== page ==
Graphing is a wonderful tool for promoting basic math concepts, vocabulary and mathematical thinking…

Before graphing…

Let the children explore the materials: the graphing process is more meaningful to children as they explore the materials they will be using for the graph ahead of time. Before graphing their ice cream, the children tasted three kinds of ice cream then they graphed their favorites. The children were able to recall their experience and then see their experiences translated into graph form.

After graphing…

Review the graph: The teacher invites the children to review the results of the graph by counting how many dots or names are under each type of ice cream.

Ask questions: The teacher then invites the children to explore the graph using questions such as; “Which ice cream did the class like the best?” or “Which ice cream got the most dots?” and “Which ice cream did the class like the least?” or “Which ice cream got the least amount of dots?”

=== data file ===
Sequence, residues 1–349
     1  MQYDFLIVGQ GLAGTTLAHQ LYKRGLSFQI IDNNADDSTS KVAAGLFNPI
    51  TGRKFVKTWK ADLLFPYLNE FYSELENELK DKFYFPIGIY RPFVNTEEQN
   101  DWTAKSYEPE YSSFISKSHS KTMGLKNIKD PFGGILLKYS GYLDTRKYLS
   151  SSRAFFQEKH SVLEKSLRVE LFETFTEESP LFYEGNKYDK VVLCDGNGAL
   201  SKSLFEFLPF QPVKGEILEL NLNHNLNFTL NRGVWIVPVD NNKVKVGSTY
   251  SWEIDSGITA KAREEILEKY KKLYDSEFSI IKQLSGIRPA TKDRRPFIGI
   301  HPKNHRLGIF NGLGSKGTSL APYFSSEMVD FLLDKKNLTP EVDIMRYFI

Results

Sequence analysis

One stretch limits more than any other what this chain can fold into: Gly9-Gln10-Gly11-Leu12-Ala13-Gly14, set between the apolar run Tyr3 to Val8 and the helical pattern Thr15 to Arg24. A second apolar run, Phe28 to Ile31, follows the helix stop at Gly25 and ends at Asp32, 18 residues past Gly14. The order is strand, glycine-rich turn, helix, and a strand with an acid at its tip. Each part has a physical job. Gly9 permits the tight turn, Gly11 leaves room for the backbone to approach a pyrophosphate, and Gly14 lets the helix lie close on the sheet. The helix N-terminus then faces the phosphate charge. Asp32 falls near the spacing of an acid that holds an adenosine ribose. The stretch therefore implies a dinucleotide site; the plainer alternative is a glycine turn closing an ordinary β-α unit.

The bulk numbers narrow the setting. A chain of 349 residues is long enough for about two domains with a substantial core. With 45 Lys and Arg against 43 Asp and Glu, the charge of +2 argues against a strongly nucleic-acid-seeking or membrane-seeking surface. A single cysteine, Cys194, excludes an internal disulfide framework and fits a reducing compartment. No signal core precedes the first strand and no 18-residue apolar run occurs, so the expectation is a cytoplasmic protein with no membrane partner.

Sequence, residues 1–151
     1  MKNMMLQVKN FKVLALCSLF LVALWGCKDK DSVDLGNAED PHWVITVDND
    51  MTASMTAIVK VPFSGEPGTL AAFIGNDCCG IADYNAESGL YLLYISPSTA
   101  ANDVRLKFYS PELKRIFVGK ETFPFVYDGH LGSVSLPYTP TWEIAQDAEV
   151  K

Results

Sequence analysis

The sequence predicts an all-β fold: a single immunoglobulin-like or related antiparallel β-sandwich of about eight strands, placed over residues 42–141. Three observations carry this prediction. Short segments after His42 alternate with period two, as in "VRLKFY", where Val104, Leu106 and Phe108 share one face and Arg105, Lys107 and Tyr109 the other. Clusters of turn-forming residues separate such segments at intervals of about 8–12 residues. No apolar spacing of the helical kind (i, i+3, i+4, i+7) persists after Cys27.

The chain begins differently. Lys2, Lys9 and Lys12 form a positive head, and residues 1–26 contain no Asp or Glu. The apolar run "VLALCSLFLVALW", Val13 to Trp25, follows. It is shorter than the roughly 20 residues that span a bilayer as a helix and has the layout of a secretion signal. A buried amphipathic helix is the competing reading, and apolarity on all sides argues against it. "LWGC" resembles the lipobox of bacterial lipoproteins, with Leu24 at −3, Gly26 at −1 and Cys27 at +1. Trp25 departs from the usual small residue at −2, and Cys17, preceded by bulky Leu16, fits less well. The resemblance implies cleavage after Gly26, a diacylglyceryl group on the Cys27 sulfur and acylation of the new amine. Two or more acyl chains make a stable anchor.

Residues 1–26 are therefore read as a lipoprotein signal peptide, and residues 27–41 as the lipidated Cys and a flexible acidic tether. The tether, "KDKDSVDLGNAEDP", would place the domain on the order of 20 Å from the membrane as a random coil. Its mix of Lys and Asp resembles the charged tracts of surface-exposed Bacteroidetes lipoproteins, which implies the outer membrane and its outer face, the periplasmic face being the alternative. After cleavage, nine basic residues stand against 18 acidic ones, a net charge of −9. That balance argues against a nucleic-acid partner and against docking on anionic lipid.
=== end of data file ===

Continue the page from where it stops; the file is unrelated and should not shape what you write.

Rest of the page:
Mix it up: There are many kinds of graphs you can introduce to your preschoolers from bar graphs, circle graphs, line graphs, and picture graphs.

Follow up: Follow up the graphing exercise with other activities, like making puffy ice cream, to reinforce concepts or vocabulary words that were used during the graphing experience.

 

 

Check out these simple ideas for graphing too…

A simple ice cream bar graph from The Adventures of Bear

Graphing with pattern blocks from Totally Tots

Graphing apples and balls from Preschool Daze

Sink or float graph from Not Just Cute

Do you like?” graphs from Excuse Me Mrs. C!

M&M graph from Funny Days with Mommy and Maddie

Clothespin graph from Mathwire

Apple graph from I Can Teach My Child!

Boy and Girl graph from Kindergarten Tales

Graphing oranges from Teach Preschool

Name graphs from Teach Preschool

Yummy-Yuck graph from Plan Your Preschool

Science in the preschool classroom from Teach Preschool

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